Pay for call centre recruits is rising at double the rate that their established work colleagues command, a study released today shows.
Entry pay levels for call centre trainees have jumped 7.7 per cent over the past year, compared with a typical 3 per cent basic pay deal, according to Industrial Relations Services.
The research, which was based on 350 call centres with 112,000 staff, will be seen as fresh evidence that call centre companies are facing recruitment difficulties.
David Carr, editor of the IRS's pay and benefits bulletin, said the major shifts in call centre pay had been at the lower and upper ends of the salary scale.
"These reflect the industry's need to attract new recruits with improved salaries on entry and to retain staff through higher rewards to service or performance," he said.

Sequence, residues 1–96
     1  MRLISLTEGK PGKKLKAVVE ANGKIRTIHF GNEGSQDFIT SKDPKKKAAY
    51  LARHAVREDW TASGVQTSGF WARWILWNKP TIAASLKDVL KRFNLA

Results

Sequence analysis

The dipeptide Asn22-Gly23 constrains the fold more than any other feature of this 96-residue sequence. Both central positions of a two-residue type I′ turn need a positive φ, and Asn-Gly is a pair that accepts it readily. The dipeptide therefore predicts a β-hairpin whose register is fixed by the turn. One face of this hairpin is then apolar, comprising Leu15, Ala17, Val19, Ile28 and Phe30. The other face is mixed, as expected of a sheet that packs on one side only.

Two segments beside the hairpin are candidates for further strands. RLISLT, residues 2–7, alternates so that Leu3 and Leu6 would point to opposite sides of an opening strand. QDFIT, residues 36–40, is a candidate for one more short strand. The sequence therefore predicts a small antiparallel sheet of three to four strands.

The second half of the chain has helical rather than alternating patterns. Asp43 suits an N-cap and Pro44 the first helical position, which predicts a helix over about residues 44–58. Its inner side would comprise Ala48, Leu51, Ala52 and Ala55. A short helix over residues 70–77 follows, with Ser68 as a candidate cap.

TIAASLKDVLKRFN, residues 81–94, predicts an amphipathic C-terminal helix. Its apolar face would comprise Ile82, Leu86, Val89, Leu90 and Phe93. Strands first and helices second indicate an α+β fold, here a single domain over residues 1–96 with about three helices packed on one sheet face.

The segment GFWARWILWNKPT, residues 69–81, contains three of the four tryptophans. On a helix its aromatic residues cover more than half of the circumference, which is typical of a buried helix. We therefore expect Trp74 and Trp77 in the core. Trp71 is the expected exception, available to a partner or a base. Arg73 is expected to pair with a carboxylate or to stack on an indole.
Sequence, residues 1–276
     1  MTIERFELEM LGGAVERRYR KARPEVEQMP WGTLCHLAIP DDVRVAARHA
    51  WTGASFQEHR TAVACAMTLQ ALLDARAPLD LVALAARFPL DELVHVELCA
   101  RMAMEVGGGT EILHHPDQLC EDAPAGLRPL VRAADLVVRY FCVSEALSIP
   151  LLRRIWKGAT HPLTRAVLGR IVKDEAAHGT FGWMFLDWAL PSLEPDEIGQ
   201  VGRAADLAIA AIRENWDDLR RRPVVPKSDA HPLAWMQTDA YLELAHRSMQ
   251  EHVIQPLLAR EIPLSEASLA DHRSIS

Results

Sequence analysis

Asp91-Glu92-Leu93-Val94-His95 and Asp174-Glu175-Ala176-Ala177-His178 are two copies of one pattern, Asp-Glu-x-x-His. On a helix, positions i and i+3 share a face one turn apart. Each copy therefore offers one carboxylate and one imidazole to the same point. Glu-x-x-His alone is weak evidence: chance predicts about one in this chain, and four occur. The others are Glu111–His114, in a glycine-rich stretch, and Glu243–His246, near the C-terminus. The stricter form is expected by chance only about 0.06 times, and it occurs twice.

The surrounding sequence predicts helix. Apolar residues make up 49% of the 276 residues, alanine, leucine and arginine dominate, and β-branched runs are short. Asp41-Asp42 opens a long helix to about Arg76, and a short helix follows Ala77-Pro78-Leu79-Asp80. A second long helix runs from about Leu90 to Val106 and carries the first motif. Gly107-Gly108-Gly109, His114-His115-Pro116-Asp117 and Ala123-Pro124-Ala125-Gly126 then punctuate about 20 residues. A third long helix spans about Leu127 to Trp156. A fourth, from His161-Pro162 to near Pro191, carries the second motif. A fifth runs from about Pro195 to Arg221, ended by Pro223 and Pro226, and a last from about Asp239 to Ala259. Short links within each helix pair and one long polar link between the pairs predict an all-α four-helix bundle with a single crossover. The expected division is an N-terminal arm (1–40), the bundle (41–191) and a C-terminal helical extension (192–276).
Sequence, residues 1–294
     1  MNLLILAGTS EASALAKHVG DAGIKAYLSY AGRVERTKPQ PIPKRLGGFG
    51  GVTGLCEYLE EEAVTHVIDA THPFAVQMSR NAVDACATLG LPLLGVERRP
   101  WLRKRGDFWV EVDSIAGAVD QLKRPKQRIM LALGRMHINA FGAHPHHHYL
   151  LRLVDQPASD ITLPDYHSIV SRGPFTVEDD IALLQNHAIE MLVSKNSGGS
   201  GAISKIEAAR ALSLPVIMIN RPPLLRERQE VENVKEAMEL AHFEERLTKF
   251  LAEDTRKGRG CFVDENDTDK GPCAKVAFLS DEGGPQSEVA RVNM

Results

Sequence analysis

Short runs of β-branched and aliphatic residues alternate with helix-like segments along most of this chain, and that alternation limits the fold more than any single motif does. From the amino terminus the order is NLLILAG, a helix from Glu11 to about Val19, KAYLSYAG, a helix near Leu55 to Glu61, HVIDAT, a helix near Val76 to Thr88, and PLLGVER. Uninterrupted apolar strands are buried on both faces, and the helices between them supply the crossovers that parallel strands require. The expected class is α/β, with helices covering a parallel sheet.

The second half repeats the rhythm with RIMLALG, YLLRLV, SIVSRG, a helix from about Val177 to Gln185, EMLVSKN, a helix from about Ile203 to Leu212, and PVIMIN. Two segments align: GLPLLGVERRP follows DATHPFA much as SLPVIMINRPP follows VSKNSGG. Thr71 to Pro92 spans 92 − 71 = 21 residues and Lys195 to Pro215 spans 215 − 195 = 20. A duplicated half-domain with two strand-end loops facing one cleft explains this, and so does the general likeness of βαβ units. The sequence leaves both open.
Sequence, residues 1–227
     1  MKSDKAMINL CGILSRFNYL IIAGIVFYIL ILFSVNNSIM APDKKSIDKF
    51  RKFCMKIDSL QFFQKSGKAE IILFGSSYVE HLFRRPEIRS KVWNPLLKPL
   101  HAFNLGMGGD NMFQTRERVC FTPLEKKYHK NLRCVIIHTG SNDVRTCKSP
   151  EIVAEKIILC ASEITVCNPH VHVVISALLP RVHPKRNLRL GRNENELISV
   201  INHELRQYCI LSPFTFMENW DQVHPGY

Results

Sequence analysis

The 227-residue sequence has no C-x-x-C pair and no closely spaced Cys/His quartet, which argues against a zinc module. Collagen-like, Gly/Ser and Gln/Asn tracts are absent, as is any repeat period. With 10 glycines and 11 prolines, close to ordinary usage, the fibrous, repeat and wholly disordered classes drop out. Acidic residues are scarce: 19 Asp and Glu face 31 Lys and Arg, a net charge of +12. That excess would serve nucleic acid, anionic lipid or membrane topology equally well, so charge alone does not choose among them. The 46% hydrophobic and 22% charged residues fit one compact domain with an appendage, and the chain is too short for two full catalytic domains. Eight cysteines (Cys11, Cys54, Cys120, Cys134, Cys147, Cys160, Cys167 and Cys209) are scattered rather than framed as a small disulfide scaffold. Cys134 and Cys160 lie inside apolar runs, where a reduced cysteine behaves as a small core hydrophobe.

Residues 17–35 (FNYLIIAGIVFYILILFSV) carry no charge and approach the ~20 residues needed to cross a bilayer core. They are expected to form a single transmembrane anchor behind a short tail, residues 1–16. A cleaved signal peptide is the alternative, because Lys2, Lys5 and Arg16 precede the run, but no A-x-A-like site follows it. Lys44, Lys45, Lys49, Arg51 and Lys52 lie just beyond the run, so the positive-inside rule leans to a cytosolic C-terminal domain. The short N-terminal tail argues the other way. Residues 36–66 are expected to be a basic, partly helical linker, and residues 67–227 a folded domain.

"With so many changes happening within the call centre sector, it will be interesting to see whether these pay increases will be sustainable in the long term."
He said call centre managers might accede to demands from staff for more flexible working arrangements under the 2002 Employment Act, which could be a way of averting higher pay claims.
Spiralling pay rates might also encourage employers to move more jobs overseas to countries such as India, where graduates fluent in English are happy to work in call centres for far lower wages than those that are paid in the UK.
Last week HSBC, the banking group, said it was transferring 4,000 jobs to India and the Far East in the single largest outsourcing to date in the financial services industry.
The IRS survey also showed that starting salaries in the public sector were between 12 and 18 per cent higher than in the private sector.
These jobs are unlikely to be moved overseas, given the heated political debate over the threat to UK jobs.
Economists have warned that the massive public sector investment and recruitment programmes will force wages up as companies are forced to compete for workers.
The survey showed that lower-grade call centre workers earn £13,000 on average while higher-grade workers are paid £14,820. Team leaders earn £18,000 and managers receive £27,420.Reuse content